The brain is dependent upon blood circulation in microvessels for delivering O2 and nutrients to neurons and for disposal of waste material. The NVU is composed by cells of different types and functions, all working synergistically in a highly regulated manner. Astrocyte endfeet surround the walls of the vessels, which, together with perivascular microglia and macrophages, survey the influx of molecules into the brain (Dudvarski Stankovic et al., 2016). In ischemic trauma, the disruption of blood vessels and BBB breakdown correlate with the accumulation of activated microglia, suggesting that microglia are associated with the dysfunction of blood vessels (Barkauskas et al., 2015). Disruption of the NVU is strongly associated with vascular dementia (Iadecola, 2013) and likely contributes to the early stages of AD, as shown in animal models of the disease (Iadecola et al., 1999; Iadecola, 2004; Kelly et al., 2017).

Furthermore, it has been demonstrated that in aged rats the decrease in the number of astrocytes is accompanied by decrease in VEGF expression, which further amplifies the vascular impairment (Bernal and Peterson, 2011). During ischemia, astrocytes are injured and show morphological changes such as swelling and vacuolization of the cell body and loss of their distal processes. All these modifications of astrocytes, named “clasmatodendrosis,” are caused by energy failure and acidosis (Friede and van Houten, 1961; Hulse et al., 2001). Clasmatodendrosis was first described by Cajal, as reported by Penfield (1928), and later rediscovered by Friede and van Houten (1961), and by Hulse and colleagues in hippocampal organ cultures (Hulse et al., 2001). Clasmatodendrosis is found in lesions of the white matter in patients with cerebrovascular disease and AD (Tomimoto et al., 1997). It is also present in the periventricular zone of patients with mixed dementia (Sahlas et al., 2002), in the corpus callosum of hypoperfused mice (Hase et al., 2017), in the hippocampus of rats with chronic epilepsy (Kim et al., 2011), and in aged rats (Cerbai et al., 2012). In AD and ischemia, clasmatodendrosis may represent an acute response of astrocytes to energy failure coupled with mitochondrial inhibition (Friede and van Houten, 1961; Kraig and Chesler, 1990; Hulse et al., 2001). Clasmatodendrotic morphological alterations of astrocytes are directly associated with changes in cell function (Jiang et al., 2018). Furthermore, an association between astrocyte injury and disruption of the BBB has been described in post-stroke surviving elderly patients (Chen et al., 2016). Disruption of the BBB can lead to inefficient removal and accumulation of toxins in the parenchyma, which may play a significant role in tissue damage. In subjects with MCI (Wang et al., 2006), increased permeability of the BBB has been observed at early stages of AD (Starr et al., 2009). All these findings support the idea that energy deficiency may be a cause of degeneration of neurons in ischemic conditions.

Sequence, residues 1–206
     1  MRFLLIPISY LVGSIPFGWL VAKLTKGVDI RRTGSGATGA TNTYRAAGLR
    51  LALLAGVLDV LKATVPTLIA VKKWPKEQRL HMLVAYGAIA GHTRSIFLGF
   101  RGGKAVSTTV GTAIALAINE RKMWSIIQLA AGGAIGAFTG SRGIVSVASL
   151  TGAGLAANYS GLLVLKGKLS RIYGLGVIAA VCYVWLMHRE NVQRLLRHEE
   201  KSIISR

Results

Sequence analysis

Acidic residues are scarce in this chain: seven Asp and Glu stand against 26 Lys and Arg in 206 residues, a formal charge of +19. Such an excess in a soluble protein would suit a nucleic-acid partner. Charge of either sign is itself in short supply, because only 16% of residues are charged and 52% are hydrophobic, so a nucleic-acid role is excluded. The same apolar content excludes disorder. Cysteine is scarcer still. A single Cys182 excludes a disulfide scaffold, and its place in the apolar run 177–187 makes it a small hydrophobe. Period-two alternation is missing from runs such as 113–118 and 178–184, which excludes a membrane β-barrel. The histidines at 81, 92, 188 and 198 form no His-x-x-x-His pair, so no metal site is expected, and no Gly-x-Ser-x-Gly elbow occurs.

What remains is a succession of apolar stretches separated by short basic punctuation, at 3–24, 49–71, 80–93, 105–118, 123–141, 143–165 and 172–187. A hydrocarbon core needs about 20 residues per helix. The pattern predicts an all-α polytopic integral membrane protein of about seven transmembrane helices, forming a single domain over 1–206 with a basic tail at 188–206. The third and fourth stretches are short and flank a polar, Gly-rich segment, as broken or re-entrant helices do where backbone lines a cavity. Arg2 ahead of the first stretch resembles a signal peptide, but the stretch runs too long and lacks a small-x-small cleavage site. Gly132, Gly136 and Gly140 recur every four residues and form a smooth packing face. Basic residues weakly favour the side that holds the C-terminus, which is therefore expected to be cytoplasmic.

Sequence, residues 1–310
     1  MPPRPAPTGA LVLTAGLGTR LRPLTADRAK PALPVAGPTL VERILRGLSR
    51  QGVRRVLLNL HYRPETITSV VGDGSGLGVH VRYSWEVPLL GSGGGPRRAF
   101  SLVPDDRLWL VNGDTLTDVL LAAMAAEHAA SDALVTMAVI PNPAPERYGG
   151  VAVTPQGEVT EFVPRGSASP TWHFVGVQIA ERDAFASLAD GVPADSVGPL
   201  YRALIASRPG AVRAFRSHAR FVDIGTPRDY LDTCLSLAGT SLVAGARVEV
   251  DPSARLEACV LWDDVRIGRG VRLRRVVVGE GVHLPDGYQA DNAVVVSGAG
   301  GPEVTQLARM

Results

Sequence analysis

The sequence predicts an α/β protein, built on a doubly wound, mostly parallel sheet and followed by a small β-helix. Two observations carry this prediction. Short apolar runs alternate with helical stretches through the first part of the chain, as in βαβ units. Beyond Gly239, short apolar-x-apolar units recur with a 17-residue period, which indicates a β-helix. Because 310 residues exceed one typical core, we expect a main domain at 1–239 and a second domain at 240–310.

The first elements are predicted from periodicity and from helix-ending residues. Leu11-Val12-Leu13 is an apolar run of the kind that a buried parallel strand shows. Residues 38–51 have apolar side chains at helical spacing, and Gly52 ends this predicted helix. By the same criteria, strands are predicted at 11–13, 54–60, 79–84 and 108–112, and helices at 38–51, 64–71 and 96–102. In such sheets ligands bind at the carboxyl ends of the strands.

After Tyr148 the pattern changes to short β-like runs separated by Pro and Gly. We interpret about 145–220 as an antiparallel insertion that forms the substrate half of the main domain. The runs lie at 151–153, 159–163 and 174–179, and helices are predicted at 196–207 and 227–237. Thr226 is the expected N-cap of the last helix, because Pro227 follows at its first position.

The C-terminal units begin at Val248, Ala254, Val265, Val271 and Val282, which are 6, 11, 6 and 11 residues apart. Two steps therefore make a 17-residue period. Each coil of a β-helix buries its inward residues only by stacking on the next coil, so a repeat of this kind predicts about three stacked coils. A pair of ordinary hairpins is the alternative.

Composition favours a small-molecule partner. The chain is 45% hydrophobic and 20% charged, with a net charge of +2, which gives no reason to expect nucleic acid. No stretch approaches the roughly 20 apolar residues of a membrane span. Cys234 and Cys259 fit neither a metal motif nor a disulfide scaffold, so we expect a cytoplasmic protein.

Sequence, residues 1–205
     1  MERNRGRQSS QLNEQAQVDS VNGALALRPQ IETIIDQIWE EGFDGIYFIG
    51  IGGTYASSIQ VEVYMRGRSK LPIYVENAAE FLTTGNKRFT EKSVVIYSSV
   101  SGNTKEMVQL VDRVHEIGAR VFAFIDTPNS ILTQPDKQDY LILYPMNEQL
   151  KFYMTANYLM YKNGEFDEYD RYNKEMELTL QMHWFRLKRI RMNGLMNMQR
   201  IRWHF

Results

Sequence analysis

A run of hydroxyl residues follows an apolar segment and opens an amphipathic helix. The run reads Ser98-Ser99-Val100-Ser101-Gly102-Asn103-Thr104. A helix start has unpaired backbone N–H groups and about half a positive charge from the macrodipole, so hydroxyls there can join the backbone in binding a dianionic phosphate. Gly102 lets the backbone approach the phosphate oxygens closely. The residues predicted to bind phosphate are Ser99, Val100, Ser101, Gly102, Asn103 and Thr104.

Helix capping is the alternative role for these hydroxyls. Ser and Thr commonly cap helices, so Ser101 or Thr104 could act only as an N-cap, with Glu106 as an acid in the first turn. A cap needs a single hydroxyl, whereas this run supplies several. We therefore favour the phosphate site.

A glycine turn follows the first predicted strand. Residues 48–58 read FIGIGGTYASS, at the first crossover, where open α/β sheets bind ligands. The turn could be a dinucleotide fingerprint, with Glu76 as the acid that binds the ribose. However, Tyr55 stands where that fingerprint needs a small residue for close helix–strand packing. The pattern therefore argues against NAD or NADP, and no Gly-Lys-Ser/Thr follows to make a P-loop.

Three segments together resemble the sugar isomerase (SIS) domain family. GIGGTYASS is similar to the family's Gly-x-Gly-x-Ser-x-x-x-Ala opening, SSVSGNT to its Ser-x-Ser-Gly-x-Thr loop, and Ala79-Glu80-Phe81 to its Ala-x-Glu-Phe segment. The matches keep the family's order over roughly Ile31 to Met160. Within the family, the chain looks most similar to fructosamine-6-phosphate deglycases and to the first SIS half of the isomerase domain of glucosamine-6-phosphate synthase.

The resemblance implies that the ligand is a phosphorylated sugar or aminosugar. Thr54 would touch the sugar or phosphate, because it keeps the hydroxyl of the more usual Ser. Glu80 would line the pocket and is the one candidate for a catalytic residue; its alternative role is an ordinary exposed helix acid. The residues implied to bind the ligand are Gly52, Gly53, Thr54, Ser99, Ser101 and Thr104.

The channel aquaporin4 (AQP4), located on astrocyte endfeet, regulates the flux of water between blood and brain (Nagelhus and Ottersen, 2013) and is involved in regulation of BBB permeability (Tourdias et al., 2011). In mice, in the first few hours after ischemia, AQP4 is upregulated in the ischemic core, while the peak of its expression is found in the penumbra 48 h after ischemia (De Castro et al., 2006). Furthermore, mice deficient for AQP4 on astrocytes show significant reduction in water uptake and reduced brain edema following stroke, in comparison to wild-type animals (Haj-Yasein et al., 2011). After ischemia, reactive astrocytes increase the expression of connexin 43 and connexin 30 (Orellana et al., 2014), of AQP4 (Hirt et al., 2009; Hoshi et al., 2011), as well as of trophic factors such as BDNF (Neumann et al., 2015), which are molecules involved in neuron protection or in ischemic tolerance.